A 13-year-old Palm Beach County foster child at the center of a legal battle over her right to end an unwanted pregnancy got permission from a judge Monday to get an abortion — but was thwarted shortly afterward when state child-welfare officials appealed.
Palm Beach Circuit Judge Ronald Alvarez, who only last week temporarily blocked the girl’s decision to terminate her pregnancy, ruled late Monday that the teenager may obtain an abortion, said Maxine Williams, the girl’s attorney at Legal Aid Society of Palm Beach County. The girl is identified in court papers only as L.G.
”Judge Alvarez did issue an order saying she is competent,” said Howard Simon, an attorney with the American Civil Liberties Union of Florida, which also represents the girl. “She has made a decision. She has a right to exercise that decision. And, acting on her decision is in her best interests.”
…By appealing Alvarez’s order Monday, the DCF was granted an automatic stay of his ruling. Under a procedural rule, state agencies are entitled to a stay of any court ruling they appeal. But, acting on a request from L.G.’s attorneys, Alvarez lifted that stay and ordered the DCF to transport L.G. to a medical clinic.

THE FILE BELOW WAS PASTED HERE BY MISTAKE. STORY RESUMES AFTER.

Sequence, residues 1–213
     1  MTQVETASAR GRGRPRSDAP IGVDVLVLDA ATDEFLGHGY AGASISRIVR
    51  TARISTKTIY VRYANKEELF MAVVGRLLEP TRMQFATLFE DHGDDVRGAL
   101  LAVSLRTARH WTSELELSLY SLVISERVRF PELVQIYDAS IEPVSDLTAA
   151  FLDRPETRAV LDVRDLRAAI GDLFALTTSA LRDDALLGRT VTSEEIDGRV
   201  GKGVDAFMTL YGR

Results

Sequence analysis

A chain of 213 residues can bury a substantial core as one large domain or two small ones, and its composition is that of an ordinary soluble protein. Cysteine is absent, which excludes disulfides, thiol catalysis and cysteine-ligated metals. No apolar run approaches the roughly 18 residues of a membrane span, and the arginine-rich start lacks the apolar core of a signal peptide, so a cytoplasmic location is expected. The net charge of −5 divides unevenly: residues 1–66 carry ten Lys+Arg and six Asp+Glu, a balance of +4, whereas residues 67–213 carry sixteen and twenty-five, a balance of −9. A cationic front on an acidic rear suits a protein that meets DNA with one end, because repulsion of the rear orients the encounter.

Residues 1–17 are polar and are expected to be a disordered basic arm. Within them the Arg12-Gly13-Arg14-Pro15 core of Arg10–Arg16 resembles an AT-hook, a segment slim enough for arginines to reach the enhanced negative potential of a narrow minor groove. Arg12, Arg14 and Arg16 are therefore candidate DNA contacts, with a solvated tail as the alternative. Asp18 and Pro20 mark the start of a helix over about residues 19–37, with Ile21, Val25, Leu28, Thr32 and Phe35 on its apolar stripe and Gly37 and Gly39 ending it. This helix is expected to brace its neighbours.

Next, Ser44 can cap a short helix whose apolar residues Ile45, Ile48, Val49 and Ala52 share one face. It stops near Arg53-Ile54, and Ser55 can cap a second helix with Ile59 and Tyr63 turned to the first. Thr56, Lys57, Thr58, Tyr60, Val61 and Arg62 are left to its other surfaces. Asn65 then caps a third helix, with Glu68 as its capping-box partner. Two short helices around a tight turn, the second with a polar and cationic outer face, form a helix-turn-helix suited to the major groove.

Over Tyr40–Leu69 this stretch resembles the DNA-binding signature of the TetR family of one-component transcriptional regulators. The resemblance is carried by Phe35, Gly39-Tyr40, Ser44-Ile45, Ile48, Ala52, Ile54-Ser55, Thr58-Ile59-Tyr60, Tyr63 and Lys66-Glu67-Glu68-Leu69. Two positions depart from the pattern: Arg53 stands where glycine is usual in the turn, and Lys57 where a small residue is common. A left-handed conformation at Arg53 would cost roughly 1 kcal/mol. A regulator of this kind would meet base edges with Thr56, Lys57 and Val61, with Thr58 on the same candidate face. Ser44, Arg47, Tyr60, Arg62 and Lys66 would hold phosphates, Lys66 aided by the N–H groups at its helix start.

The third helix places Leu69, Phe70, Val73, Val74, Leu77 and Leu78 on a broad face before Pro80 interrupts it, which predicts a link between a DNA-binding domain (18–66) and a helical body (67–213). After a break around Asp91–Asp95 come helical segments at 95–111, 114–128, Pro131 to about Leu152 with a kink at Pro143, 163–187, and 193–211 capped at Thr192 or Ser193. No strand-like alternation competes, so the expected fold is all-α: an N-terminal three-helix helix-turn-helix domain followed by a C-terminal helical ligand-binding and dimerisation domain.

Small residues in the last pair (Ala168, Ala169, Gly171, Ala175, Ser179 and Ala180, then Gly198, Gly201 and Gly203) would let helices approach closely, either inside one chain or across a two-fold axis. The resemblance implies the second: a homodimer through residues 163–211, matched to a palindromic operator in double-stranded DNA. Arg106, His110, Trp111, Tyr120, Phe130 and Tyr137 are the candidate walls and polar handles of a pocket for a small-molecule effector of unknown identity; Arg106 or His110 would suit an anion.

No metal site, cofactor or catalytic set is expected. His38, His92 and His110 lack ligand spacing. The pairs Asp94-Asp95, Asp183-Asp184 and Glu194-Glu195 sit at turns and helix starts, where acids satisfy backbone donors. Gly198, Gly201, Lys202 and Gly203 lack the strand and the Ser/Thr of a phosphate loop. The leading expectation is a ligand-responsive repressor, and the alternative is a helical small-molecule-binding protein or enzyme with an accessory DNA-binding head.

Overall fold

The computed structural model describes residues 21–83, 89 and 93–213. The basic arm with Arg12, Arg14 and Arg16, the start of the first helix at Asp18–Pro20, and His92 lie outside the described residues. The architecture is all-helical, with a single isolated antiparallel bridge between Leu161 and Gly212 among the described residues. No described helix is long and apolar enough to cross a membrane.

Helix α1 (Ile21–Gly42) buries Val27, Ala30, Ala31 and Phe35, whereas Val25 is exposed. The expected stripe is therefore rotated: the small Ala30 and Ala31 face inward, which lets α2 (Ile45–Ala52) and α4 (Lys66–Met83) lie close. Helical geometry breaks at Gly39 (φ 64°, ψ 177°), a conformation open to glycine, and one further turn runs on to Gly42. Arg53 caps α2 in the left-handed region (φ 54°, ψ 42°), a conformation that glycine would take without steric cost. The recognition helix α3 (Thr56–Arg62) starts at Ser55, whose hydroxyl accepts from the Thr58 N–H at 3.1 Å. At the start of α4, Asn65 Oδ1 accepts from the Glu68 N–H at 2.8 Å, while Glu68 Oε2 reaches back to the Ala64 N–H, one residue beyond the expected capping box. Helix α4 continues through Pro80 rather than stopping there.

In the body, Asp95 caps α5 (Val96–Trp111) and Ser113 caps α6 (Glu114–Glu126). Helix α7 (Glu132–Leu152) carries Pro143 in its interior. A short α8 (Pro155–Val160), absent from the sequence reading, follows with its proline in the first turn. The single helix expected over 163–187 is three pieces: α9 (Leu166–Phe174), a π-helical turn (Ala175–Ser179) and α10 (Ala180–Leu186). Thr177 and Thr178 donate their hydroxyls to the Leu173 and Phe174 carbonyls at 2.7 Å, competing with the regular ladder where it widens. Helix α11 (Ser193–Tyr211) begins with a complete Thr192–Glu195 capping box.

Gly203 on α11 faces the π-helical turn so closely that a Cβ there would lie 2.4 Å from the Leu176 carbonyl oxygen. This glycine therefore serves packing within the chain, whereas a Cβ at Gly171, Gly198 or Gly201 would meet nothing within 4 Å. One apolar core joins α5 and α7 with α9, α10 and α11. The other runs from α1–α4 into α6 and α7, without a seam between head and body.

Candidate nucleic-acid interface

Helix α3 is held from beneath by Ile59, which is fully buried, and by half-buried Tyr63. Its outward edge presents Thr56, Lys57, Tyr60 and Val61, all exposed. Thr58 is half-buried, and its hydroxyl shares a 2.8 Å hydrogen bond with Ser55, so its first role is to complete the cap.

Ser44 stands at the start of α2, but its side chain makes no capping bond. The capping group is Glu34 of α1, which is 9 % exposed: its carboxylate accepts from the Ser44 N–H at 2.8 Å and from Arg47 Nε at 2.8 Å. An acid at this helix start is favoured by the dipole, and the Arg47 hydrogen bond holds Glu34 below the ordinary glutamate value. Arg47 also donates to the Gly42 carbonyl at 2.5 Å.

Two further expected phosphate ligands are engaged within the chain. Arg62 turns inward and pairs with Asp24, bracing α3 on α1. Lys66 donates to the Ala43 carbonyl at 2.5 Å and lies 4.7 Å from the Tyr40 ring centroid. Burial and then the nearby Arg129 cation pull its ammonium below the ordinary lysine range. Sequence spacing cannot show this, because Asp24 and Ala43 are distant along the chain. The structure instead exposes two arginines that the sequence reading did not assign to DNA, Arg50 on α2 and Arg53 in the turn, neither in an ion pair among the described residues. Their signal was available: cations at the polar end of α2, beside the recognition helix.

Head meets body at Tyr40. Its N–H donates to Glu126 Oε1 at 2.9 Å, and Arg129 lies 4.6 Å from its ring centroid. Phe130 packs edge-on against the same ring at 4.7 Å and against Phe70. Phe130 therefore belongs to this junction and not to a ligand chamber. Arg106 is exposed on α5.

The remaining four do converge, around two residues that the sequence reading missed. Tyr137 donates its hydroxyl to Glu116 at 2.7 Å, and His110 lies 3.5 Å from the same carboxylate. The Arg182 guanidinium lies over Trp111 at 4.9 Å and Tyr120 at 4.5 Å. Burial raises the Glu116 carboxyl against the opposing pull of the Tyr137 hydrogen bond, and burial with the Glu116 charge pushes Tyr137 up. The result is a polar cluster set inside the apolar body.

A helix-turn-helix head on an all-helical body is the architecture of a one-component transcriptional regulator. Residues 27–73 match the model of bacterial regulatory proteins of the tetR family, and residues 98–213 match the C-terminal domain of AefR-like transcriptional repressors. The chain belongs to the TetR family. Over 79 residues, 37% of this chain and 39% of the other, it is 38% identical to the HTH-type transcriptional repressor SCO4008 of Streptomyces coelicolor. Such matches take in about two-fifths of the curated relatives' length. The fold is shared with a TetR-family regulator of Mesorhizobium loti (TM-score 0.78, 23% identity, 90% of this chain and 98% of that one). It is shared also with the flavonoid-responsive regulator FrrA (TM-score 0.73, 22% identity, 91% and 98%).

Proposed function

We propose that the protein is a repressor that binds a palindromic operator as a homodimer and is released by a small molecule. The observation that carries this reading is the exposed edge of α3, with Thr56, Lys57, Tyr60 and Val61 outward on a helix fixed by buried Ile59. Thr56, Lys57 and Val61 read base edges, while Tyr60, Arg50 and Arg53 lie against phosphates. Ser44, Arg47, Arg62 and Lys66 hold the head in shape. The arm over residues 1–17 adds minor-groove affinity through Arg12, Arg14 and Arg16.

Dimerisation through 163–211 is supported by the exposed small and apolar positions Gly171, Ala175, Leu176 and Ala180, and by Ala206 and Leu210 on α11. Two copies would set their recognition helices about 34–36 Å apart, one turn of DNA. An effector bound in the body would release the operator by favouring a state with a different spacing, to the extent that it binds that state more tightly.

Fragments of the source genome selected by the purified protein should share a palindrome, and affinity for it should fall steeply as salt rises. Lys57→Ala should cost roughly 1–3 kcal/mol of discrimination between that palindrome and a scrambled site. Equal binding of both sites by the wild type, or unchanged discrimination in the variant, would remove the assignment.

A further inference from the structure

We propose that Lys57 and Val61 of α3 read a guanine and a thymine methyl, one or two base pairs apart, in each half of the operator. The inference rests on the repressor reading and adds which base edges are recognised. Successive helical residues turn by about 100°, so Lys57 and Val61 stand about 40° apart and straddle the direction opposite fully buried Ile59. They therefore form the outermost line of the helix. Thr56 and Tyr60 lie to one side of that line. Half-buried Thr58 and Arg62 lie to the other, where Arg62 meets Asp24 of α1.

DCF officials then ”refused” to drive the girl to a clinic to end her pregnancy, said Williams, the girl’s attorney.
Alvarez then signed an order allowing L.G.’s attorneys at Legal Aid to transport her to a medical clinic, Williams said. The lawyers were on their way to pick up the girl when they got word: The DCF had appealed Alvarez’s order allowing the lawyers to transport L.G. and, once again, had received an automatic stay, this time from the Fourth District Court of Appeal.
The stay was granted so late in the day that L.G.’s attorneys had no time to act. The procedure was halted, Williams said.
The state only has to keep her tied up in a court mess for about eight more months before they can forget all about her again.
State Department of Children & Families spokeswoman Marilyn Munoz said the agency would “respectfully comply with the court’s decision.” She declined to provide further details.
“We are working for the best interest of the young girl,” Munoz said.
Right. And now that all the bad publicity is out on Florida and the DCF, we can push her back into a state home and pretend the girl doesn’t exist.
My heart goes out to this girl.
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